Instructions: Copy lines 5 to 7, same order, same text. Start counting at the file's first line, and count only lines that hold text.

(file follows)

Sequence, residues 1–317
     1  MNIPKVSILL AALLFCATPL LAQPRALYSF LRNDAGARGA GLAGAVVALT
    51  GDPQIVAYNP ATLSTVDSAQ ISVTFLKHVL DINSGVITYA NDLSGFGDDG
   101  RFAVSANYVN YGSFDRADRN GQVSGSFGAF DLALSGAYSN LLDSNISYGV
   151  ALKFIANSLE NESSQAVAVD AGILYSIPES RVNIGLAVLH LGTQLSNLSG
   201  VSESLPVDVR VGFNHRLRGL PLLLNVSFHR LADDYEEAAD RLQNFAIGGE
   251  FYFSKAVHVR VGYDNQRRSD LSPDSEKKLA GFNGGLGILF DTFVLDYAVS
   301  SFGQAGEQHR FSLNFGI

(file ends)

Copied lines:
   151  ALKFIANSLE NESSQAVAVD AGILYSIPES RVNIGLAVLH LGTQLSNLSG
   201  VSESLPVDVR VGFNHRLRGL PLLLNVSFHR LADDYEEAAD RLQNFAIGGE
   251  FYFSKAVHVR VGYDNQRRSD LSPDSEKKLA GFNGGLGILF DTFVLDYAVS